Today, Andrew Sullivan posted a reader e-mail defending David Horowitz against Andrew's nomination of him for the "Malkin award." It was an outgrowth of Horowitz's "Islamofascism awareness week," something organized on many campuses across the country, including my own (UW-Madison), where Horowitz came to speak. I stayed out of the whole mess--didn't go to the talk--because I found the main players on both sides unbearable. I'm broadly sympathetic to worries about what Islam inspires people to do, and a lot of the liberal response I saw seemed to go along the lines of "how dare Horowitz criticize a religion." Those things would make me sorely tempted to defend him, but unfortunately he's a clueless boob.
His main thing seems to be complaining about supposed liberal indoctrination, which, in my two and a quarter years in college, I've come to see as premised on a ridiculously offensive view of college students. I've had professors get opinionated in the classroom, and as a rule it adds greatly to the quality of the class, because it gives students something to think about and as a rule they are prefectly capable of thinking critically about it. Horowitz seems to assume we are incapable of doing that.
The version of his "Islamofascism awareness" website I saw declared it would not just raise awareness about one form of Islam, but also "two great liberal lies" (or some such). One was that George Bush had started the War on Terror, the second was the global warming is a bigger threat that radical Islam. I don't know what either of them even mean. I don't know of any liberal going around saying "George Bush started the war on terror," I think Horowitz may have in mind the claim that a "war on terror" is a bad way of conceptualizing the problem, which is not the same as Horowitz' caricature. As for global warming, it's a very different kind of threat than terrorism, so I don't know how you even compare them, and again I don't know which liberals are making that comparison.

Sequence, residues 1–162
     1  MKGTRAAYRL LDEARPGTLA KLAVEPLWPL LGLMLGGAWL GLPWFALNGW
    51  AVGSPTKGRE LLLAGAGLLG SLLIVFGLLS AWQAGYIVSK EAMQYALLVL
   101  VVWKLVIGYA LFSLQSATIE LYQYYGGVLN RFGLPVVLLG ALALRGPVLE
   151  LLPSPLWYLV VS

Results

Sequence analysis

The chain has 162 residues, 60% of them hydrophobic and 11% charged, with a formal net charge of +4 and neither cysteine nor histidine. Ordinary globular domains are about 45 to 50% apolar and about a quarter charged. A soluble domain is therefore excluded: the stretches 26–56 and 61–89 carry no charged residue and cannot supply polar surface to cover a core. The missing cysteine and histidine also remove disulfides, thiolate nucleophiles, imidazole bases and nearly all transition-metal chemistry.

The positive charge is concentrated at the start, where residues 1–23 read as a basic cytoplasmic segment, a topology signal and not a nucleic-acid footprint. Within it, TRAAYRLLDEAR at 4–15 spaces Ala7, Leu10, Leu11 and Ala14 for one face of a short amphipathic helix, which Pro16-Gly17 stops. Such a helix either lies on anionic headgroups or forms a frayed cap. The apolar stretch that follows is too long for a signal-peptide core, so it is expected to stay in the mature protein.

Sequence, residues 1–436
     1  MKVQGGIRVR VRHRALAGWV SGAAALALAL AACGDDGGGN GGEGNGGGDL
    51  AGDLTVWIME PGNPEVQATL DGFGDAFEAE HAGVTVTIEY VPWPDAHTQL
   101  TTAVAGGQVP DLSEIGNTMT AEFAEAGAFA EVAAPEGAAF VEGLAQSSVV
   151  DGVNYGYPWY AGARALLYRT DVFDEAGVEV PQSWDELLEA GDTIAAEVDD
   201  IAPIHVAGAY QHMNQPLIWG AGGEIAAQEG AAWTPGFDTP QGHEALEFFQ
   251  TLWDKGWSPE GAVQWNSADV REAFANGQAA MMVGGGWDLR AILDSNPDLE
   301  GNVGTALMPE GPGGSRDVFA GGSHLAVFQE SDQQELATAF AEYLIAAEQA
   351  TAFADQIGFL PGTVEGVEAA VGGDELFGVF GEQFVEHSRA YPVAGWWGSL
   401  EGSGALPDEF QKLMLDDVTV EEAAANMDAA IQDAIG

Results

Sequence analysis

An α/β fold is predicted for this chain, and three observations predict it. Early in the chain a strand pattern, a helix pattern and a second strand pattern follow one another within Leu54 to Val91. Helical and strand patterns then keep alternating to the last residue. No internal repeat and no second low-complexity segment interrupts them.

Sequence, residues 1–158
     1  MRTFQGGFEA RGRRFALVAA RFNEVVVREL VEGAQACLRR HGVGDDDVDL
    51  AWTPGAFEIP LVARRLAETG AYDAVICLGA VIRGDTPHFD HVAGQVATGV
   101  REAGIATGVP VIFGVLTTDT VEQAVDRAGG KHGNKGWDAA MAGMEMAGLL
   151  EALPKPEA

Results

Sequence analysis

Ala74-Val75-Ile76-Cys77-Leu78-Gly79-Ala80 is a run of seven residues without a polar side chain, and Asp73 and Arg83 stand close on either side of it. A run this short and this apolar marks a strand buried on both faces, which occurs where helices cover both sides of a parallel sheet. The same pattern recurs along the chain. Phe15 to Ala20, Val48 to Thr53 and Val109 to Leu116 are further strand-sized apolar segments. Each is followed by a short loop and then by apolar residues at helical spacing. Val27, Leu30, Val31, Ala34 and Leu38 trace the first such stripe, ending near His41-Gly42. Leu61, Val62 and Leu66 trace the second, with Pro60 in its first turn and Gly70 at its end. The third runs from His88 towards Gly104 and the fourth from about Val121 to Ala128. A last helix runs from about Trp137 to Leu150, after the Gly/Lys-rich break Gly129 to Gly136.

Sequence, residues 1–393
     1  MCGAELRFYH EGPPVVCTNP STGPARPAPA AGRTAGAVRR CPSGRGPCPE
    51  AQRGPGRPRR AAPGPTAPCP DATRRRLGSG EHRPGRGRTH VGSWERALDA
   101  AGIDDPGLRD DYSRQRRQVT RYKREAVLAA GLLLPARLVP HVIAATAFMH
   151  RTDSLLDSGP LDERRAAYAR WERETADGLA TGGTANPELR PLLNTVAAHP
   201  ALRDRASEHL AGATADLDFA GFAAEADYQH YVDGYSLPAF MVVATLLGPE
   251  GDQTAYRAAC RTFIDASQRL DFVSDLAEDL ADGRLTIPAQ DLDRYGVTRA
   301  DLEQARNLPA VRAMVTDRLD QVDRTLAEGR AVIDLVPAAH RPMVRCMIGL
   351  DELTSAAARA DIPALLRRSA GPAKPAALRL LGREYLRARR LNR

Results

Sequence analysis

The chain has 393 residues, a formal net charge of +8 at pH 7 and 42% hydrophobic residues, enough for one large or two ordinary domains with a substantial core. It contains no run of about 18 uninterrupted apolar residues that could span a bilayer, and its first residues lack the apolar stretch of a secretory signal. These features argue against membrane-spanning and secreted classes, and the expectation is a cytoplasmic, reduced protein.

As for the stuff at Andrew's blog, I can only say that as someone actually on a campus where this debate happened, the Horowitz quote that set it off was totally out of touch with reality. Horowitz apparently thinks that everyone opposed to his stupidity is supporting Islamic theocrats. This is a paranoid fantasy in no way justified by the mild stupidity displayed by some of his opponents.
A I can figure is that having spent all his life as an ideologue--first left-wing, then right-wing, Horowitz is incapable of understanding that there might be anything going on on college campuses other than ideological warfare. Let's stop paying attention to him, please.